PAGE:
We received 82 responses to the question asking whether descriptions are indexed by subject. Most (42) do so, and follow recognised rules (UKAT, Unesco, LCSH, etc.). A significant proportion (29) index using in-house rules and some do not index by subject (18). Comments on this question indicated that in-house rules often supplement recognised standards, sometimes providing specialised terms where standards are too general (although I wonder whether these respondents have looked at Library of Congress headings, which are sometimes really quite satisfyingly specific, from the behaviour of the great blue heron to the history of music criticism in 20th century Bavaria).

Reasons given for subject indexing include:
  • it is good practice
  • it is essential for resource discovery
  • users find it easier than full-text searching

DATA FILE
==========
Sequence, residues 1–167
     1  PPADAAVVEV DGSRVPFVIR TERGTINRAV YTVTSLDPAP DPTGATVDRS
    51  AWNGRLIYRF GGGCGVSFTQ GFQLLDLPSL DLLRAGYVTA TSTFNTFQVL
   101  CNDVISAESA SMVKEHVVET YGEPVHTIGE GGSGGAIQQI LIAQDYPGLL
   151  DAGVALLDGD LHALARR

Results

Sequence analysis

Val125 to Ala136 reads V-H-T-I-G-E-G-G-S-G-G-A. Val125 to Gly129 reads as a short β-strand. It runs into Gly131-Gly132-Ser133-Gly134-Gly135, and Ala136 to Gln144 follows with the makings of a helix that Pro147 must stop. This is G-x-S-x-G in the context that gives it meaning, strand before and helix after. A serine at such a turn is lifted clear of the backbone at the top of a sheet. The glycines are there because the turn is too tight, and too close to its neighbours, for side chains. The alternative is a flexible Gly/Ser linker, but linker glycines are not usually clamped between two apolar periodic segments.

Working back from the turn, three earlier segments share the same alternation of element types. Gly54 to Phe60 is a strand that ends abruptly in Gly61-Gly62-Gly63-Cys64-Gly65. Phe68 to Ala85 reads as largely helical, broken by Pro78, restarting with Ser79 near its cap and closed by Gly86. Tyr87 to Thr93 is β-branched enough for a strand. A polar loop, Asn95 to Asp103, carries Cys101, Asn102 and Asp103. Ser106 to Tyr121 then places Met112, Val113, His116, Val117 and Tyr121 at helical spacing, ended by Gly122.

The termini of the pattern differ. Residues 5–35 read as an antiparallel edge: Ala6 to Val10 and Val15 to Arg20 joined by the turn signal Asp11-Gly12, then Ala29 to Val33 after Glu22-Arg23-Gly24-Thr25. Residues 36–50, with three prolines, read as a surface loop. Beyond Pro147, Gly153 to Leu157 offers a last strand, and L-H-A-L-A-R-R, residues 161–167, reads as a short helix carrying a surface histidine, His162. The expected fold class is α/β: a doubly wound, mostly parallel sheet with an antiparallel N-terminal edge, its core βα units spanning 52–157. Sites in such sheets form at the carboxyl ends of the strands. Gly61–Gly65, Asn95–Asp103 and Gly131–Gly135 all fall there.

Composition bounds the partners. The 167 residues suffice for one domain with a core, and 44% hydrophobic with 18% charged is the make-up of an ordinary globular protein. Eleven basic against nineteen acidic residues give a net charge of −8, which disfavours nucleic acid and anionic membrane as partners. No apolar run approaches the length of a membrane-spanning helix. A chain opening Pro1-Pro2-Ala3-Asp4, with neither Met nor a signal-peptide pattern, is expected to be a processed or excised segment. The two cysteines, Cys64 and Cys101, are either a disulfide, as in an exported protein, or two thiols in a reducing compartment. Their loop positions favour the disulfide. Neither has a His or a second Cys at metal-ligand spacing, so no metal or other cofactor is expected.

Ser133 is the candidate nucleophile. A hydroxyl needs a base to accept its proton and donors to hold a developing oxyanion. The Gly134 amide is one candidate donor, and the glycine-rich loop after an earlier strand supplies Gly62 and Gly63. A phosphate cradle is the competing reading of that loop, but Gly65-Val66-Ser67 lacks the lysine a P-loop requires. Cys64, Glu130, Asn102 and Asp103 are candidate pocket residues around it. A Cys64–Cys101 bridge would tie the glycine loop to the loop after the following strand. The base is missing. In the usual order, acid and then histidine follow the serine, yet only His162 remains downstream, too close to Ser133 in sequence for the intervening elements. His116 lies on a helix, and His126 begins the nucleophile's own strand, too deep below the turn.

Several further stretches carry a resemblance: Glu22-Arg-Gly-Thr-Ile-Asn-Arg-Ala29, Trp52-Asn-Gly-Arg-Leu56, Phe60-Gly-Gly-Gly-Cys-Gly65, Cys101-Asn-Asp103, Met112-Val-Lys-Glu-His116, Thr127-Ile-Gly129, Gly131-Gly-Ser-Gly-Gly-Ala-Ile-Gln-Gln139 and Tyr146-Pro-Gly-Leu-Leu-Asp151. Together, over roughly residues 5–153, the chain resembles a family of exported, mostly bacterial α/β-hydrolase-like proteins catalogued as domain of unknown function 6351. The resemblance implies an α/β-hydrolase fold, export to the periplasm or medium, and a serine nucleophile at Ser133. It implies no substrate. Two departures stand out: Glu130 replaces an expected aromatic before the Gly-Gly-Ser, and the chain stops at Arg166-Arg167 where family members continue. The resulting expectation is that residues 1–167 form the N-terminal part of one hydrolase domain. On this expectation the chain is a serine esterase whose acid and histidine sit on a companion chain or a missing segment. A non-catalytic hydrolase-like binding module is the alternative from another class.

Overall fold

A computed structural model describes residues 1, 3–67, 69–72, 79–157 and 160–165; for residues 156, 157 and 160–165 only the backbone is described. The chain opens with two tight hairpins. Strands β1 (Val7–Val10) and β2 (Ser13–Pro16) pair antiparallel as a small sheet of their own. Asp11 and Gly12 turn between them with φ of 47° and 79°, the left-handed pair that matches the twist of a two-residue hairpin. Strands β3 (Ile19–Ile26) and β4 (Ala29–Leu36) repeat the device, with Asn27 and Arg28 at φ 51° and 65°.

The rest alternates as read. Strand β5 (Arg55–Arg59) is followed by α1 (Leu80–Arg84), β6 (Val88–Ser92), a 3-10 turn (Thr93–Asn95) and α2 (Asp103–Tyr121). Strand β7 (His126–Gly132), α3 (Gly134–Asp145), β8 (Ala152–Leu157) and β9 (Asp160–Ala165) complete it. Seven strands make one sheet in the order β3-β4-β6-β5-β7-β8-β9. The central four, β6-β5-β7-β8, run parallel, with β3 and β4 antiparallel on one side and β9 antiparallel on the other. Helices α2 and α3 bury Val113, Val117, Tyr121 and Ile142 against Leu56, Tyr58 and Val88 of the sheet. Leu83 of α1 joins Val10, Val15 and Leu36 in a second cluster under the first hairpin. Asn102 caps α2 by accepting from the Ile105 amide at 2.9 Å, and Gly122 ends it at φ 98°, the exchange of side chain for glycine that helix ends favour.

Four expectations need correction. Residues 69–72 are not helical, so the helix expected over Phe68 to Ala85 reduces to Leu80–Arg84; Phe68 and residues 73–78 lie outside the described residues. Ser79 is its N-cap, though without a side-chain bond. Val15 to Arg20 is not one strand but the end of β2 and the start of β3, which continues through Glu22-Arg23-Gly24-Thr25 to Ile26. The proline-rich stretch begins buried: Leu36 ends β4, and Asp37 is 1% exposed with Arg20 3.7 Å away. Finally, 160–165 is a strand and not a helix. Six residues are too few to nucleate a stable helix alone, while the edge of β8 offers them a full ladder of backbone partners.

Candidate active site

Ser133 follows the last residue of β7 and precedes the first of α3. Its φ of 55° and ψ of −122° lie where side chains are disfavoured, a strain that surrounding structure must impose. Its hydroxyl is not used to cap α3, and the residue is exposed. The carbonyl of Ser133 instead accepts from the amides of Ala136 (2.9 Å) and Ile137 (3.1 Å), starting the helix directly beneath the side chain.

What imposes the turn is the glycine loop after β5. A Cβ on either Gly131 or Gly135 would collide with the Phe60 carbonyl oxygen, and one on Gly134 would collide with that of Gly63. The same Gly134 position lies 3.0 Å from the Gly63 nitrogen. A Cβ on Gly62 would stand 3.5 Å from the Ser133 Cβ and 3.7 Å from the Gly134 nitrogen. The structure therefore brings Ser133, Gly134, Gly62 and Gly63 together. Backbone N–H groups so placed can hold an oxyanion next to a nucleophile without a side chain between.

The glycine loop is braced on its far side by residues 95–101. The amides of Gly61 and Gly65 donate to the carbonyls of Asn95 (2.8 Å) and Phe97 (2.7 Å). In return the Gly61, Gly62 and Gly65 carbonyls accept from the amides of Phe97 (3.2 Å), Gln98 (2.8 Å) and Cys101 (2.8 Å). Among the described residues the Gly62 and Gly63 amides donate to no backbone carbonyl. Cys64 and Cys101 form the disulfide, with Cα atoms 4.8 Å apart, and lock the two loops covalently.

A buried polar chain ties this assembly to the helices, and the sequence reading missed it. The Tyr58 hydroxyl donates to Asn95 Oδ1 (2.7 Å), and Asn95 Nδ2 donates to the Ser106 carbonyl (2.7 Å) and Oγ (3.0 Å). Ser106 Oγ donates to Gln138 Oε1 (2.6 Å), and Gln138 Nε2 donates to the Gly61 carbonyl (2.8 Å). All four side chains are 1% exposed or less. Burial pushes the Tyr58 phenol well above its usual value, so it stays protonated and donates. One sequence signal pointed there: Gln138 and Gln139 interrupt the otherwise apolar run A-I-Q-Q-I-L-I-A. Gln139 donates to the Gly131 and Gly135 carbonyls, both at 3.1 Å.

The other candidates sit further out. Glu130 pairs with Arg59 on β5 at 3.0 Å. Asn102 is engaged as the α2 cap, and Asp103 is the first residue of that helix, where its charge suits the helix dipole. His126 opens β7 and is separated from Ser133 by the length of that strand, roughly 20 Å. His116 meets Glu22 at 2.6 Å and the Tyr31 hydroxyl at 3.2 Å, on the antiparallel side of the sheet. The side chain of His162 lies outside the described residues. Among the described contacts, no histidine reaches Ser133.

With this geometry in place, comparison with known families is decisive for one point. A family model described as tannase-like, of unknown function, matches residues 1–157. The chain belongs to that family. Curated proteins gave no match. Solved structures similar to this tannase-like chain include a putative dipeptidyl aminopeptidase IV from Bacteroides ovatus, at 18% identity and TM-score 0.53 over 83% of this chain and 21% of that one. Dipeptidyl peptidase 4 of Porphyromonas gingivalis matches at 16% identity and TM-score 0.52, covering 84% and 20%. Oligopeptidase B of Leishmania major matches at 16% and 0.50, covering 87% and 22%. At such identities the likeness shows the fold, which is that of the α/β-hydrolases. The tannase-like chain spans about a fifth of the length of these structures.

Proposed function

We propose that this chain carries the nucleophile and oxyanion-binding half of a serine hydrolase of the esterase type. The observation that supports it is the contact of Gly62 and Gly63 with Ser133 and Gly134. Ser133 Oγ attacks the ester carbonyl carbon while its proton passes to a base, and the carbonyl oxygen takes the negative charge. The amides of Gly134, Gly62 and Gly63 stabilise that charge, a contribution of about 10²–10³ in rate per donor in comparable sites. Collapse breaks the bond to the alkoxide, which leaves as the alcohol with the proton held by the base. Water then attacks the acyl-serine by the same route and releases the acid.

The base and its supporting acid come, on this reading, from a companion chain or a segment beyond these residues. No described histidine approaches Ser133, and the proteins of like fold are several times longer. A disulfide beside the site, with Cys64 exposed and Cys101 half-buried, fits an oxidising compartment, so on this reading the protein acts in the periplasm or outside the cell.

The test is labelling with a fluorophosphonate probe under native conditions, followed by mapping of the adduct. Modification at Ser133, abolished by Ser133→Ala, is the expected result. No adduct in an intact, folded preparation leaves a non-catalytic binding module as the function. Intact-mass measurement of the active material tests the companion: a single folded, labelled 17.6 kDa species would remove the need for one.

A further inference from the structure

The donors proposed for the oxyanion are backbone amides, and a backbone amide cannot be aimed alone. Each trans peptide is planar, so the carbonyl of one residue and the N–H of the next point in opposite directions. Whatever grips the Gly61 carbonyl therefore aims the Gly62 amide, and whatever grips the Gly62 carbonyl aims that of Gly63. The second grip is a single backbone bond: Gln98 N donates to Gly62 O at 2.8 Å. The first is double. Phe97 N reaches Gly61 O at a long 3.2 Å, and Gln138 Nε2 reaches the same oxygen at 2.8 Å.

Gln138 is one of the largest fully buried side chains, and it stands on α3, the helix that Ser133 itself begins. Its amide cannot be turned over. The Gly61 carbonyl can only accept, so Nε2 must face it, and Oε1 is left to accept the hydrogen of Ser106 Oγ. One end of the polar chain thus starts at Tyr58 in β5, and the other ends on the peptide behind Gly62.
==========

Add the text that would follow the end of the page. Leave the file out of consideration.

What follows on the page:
• it gives people an indication of the subject strengths of collections
  • it imposes consistency
  • it is essential for browsing (for users who prefer to navigate in this way)
  • it brings together references to specific events
  • it brings out subjects not made explicit in keyword searching
  • it enables people to find out about things and about concepts
  • it may provide a means to find out about a collection where it is not yet fully described
  • it maximises the utility of the catalogues
  • it helps users identify the most relevant sources
  • it can indicate useful material that may not otherwise be found
  • it enables themes to be drawn out that may be missed by free-text searching
  • it can aid teachers
  • it helps with answering enquiries
  • it facilitate access across the library and archive
  • it meets the needs of academic researchers
The lack of staff resources was a significant reason given where subject searching was not undertaken. Several respondents did not consider it to be necessary. Reasons given for this were:
  • the scope of the archive is tightly defined so subject indexing is less important